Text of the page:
At a special board meeting Thursday, the USD 475 Board of Education provided an update on the Memorandums of Understanding the school district is drafting between the district and the city for the future of the old high school property at 900 N. Eisenhower Drive.
Board President Ron Johnson said members of the board sat down with city officials, Parks and Recreation and the school district and city’s attorneys earlier in the week to discuss what would be included in the MOUs.
“We were all able to bring to the table past agreements and kind of walk through where we want to be in the future,” he said. “There were points that we all agreed upon on how to move forward and what language we wanted to see (in the MOUs).”
Johnson said they will establish an expiration date that will ensure the MOUs come before each new board member in the future.
Kristy Haden, board vice president, said each agreement would come before the board at least every four years, so every school board member and city commissioner can review it. Additionally, there will be no charges involved in the process of reviewing or renewing the MOUs. If the property facilities need upgrades in the future, Haden said they discussed both entities pitching in to cover the cost of those upgrades.
Haden said they also listed out what facilities are needed and what facilities the city would like to use for other schools on the property. She said the MOUs will be drafted and presented back to the district before August for review and finalization.
Johnson said the discussions allowed him to get a better understanding on what city properties the district invested in previously.
Jim Schmidt said he doesn’t agree with the way the city and district discussed sharing costs for future events and activities on the property.
“I think we’re all very cavalier with taxpayer dollars to think that it’s all going to work out in the wash,” he said. “I think past practices have been very loosey-goosey, like ‘hey we’ll do a little bit of this, as long as we can do that.’ I think history shows us it hasn’t worked out very well.”
Schmidt referred to 12th Street, which the district helped to pay for. He said the school district no longer uses it because the city wants to charge the district for using it. He said he thinks the smarter way to deal with the property is to have the district pay for district activities on the property and have the city pay for city activities.
“The difference may only be a couple thousand dollars this year, or it may be $100,000 the next year,” he said. “I don’t think any of us would enter into that agreement if it was our personal finances, so why would we agree with no understanding of utilization going forward?”
Johnson said when the MOUs are drafted, the school district and the city will further discuss the details of it and any amendments before its approval. No actions were taken at the meeting.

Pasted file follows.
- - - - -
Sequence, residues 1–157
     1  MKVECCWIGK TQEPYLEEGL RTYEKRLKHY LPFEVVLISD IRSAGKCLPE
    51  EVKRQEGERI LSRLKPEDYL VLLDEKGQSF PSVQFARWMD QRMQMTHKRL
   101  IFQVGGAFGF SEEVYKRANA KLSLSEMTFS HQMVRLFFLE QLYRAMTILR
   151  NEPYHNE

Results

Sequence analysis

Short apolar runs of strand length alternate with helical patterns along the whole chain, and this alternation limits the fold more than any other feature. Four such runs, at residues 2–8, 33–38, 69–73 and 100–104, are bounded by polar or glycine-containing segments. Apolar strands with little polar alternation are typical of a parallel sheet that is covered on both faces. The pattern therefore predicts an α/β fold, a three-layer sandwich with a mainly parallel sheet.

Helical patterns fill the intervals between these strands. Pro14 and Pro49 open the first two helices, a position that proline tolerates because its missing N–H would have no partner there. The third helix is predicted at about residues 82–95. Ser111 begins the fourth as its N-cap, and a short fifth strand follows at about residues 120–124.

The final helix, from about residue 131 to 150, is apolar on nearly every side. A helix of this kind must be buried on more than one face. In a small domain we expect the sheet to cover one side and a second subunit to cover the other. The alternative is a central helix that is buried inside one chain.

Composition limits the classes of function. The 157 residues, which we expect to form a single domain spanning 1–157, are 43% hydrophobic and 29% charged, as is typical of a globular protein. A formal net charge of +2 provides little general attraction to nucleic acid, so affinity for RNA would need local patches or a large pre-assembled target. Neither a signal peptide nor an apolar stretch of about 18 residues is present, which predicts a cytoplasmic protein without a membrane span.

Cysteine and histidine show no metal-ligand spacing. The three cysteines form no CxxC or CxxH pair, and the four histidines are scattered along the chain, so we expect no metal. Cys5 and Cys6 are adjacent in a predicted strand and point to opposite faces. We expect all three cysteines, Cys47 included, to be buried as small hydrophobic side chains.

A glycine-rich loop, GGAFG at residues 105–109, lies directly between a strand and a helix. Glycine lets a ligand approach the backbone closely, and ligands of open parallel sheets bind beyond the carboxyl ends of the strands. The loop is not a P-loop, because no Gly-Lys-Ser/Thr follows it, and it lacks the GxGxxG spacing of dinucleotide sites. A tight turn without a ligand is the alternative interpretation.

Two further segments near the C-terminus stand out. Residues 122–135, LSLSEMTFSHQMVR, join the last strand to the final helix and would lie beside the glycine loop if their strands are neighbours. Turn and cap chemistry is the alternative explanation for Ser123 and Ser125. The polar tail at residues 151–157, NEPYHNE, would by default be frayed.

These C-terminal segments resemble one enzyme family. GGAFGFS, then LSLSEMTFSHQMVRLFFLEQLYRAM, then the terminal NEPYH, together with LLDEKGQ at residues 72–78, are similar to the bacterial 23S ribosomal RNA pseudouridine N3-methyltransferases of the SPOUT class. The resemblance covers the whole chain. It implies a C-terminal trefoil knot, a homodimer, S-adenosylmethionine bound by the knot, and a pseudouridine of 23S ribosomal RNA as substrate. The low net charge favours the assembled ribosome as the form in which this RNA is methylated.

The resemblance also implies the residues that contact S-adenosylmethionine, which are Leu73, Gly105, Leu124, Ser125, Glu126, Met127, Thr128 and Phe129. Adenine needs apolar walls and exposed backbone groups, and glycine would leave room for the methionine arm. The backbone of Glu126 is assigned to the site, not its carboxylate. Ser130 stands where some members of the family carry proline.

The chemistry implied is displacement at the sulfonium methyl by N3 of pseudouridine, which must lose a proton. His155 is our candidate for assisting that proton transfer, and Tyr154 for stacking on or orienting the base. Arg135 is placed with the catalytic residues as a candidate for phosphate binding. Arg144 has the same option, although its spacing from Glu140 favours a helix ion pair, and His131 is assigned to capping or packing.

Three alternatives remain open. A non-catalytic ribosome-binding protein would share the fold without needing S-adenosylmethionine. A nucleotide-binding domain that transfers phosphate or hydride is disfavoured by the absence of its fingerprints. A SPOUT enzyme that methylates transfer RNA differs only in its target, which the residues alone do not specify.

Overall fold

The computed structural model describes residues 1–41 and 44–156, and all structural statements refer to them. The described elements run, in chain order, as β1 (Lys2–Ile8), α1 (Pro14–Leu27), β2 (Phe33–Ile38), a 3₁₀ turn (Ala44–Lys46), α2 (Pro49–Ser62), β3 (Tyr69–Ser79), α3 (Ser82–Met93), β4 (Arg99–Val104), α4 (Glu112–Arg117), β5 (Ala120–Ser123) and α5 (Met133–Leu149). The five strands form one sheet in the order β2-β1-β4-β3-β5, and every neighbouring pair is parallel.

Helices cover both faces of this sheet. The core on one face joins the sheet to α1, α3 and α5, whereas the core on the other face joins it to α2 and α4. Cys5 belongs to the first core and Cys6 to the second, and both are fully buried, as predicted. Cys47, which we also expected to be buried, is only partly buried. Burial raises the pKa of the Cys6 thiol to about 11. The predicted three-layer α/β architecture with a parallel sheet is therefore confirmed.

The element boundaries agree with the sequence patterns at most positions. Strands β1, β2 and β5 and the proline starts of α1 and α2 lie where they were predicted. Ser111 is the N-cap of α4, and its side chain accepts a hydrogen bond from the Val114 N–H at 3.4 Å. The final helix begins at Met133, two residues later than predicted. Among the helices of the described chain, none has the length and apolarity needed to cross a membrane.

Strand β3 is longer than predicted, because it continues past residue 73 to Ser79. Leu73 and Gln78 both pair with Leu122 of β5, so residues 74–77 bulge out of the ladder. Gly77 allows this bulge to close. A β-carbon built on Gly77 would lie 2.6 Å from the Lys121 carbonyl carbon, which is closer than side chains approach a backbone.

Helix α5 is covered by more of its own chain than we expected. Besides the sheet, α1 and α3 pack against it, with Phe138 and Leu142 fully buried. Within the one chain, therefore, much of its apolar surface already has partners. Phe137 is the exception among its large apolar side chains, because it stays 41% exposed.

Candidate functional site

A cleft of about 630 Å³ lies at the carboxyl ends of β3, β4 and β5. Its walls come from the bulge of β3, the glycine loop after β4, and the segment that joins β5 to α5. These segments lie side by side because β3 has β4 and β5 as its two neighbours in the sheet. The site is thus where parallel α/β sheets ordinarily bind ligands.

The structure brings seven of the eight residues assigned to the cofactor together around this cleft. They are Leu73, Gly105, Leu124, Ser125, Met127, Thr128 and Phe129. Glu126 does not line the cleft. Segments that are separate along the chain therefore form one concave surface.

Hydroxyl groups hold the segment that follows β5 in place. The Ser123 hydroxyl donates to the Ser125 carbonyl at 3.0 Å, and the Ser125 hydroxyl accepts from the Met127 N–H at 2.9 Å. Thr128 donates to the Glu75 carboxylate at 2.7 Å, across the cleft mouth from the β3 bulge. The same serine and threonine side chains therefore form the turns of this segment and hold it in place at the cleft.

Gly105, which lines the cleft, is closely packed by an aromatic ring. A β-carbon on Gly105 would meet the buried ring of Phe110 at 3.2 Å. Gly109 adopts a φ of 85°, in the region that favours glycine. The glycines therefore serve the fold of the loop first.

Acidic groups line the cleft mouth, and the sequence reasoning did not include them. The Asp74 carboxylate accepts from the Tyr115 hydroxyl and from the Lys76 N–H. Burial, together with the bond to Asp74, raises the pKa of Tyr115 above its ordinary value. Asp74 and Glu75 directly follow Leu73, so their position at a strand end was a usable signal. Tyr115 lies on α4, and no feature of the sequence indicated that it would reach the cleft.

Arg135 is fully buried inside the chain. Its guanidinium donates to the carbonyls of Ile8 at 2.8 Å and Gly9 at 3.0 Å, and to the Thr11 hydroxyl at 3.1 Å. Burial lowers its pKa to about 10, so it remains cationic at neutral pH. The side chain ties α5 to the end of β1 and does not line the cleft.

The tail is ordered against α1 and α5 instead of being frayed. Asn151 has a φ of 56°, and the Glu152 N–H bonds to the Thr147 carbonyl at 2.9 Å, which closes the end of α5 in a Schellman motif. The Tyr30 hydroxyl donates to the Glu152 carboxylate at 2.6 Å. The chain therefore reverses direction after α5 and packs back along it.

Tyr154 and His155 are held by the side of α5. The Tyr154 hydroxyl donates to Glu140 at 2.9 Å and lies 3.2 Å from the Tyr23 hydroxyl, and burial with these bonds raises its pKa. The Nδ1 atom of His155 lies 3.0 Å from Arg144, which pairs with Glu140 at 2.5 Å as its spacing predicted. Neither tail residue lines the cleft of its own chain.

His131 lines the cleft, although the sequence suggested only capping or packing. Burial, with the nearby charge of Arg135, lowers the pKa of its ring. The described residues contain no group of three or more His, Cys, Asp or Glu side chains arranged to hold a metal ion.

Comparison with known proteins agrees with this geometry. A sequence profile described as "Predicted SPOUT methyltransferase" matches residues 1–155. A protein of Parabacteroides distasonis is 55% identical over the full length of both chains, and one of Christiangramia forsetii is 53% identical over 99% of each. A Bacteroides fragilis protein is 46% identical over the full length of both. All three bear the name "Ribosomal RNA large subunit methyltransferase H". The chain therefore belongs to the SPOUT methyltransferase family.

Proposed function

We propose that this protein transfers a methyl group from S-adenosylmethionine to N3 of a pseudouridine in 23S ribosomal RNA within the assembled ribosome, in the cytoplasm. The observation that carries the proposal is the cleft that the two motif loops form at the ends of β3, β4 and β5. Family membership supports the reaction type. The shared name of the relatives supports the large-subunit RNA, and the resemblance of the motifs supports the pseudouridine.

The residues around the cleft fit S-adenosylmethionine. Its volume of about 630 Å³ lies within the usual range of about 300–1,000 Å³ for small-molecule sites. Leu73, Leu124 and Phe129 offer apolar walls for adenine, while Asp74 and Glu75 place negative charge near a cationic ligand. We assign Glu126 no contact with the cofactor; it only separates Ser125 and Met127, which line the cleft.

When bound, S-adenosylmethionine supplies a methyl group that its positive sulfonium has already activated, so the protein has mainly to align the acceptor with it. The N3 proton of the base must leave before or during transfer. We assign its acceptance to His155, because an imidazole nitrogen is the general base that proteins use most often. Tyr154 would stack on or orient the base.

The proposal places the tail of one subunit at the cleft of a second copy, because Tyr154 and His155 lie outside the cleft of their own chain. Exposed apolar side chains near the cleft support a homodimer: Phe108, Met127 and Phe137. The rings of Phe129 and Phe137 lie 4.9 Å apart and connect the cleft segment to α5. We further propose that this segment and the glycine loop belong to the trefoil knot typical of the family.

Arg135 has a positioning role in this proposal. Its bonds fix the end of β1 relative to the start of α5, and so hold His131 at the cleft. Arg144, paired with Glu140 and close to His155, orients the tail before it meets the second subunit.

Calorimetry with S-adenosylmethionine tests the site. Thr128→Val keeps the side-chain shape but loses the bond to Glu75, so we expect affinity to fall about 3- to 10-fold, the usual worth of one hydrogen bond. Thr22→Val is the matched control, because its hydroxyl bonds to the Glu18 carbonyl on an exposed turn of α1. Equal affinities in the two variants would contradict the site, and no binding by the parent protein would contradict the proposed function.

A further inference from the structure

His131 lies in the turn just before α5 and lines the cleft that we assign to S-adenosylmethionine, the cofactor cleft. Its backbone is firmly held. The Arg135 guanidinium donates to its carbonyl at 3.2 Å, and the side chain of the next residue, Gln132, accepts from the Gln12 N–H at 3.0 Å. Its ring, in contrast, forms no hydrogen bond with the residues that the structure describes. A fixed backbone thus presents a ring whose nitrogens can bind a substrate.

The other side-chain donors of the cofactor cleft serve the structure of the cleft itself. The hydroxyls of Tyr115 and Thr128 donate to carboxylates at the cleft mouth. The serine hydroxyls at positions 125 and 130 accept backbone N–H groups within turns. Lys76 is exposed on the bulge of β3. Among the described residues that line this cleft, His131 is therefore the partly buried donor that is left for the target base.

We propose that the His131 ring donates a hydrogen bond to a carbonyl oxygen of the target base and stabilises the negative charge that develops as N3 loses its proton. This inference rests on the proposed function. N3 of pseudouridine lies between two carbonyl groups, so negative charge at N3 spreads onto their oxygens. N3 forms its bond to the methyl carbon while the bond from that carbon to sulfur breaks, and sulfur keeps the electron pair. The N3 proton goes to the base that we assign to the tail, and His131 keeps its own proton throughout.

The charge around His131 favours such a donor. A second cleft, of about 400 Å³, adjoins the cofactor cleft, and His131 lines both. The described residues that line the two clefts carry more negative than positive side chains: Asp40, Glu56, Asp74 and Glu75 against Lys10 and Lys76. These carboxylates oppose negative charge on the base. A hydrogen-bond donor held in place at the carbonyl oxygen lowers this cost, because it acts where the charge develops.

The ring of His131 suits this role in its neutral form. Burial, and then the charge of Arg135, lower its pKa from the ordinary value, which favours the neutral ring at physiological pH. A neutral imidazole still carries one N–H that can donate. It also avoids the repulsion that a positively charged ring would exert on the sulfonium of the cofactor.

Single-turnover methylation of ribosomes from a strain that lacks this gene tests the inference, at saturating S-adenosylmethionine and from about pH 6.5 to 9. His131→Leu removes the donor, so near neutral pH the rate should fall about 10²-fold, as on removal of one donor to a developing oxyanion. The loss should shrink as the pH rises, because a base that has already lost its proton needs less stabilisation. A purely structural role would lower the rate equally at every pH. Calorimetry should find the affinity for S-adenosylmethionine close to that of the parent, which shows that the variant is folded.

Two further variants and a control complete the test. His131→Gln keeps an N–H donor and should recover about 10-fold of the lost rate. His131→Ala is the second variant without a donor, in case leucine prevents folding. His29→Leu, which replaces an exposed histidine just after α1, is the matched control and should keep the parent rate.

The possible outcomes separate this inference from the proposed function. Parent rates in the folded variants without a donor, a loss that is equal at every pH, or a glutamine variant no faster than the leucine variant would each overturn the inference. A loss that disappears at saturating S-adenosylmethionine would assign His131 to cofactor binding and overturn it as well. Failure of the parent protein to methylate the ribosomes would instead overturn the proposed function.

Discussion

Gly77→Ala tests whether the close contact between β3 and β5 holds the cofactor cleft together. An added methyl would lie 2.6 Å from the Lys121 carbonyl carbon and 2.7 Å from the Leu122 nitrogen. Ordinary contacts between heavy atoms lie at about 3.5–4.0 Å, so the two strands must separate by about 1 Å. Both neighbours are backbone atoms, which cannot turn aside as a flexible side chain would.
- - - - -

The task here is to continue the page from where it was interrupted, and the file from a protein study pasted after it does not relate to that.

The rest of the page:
At the same special meeting, Chief Operations Officer David Wild presented proposed updates to the facilities master plan of the school district for 2023 and 2024.
The proposed changes and amounts are not yet approved or exact, Wild said, and the staff will bring back a plan for approval at a future board meeting.
The changes for 2023 include a $700,000 price increase to demolition costs of the old Junction City High School (due to speeding up the process,) $1.3 million for replacement of old roof sections of Ware Elementary School, $160,000 for lifecycle replacement of district security cameras and $75,000 for the development of a Junction City High School JROTC obstacle course. Wild also said the staff is searching for replacements for high school athletic transport vehicles.
Wild said the board previously authorized the staff to take a look at the roof at Ware Elementary, and they discovered that most of the roof needed replaced.
Wild said the proposed amount for an obstacle course for JROTC is a placeholder currently.
“It would be good to see those young people using their own obstacle course, as opposed to working down here at 5th Street Park if you’ve ever seen them having to make the best use of trees down there to accommodate their requirement,” Wild said.
Wild presented a list of proposed expenses for 2024 that includes space and infrastructure needs, replacements and maintenance for safety and security, vehicle replacement, school equipment replacement and setting aside funds for future replacement of stadium turf, fitness equipment and other potential replacement requirements going forward. Additionally, the proposal includes setting aside around $60,000 for fine arts needs as they arise.
The total proposed amount for fiscal year 2024 is $4,453,500.
Wild said the staff plan to bring a plan for approval to the next regular board meeting on April 11 at 6 p.m. at the Devin Center.